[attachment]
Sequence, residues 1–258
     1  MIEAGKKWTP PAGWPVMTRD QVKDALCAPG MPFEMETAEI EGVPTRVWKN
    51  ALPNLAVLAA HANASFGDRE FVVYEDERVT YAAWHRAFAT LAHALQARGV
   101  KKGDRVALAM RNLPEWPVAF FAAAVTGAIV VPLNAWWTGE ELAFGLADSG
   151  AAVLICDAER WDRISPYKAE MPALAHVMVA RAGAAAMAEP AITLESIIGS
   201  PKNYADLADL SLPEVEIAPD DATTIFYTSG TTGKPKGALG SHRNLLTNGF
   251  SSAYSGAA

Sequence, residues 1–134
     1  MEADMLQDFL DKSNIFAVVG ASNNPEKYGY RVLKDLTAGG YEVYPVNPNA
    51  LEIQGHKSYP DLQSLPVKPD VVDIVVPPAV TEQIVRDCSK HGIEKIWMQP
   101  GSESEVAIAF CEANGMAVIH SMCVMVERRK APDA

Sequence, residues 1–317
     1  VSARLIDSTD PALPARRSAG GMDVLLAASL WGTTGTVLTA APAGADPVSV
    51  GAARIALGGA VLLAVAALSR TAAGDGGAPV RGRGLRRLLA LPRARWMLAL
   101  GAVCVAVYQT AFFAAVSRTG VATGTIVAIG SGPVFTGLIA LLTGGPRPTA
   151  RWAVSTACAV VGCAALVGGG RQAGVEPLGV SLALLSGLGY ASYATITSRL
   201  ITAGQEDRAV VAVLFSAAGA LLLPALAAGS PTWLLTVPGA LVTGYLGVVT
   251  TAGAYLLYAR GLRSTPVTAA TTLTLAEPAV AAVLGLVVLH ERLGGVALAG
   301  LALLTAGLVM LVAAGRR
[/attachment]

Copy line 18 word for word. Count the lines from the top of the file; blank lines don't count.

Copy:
   251  TAGAYLLYAR GLRSTPVTAA TTLTLAEPAV AAVLGLVVLH ERLGGVALAG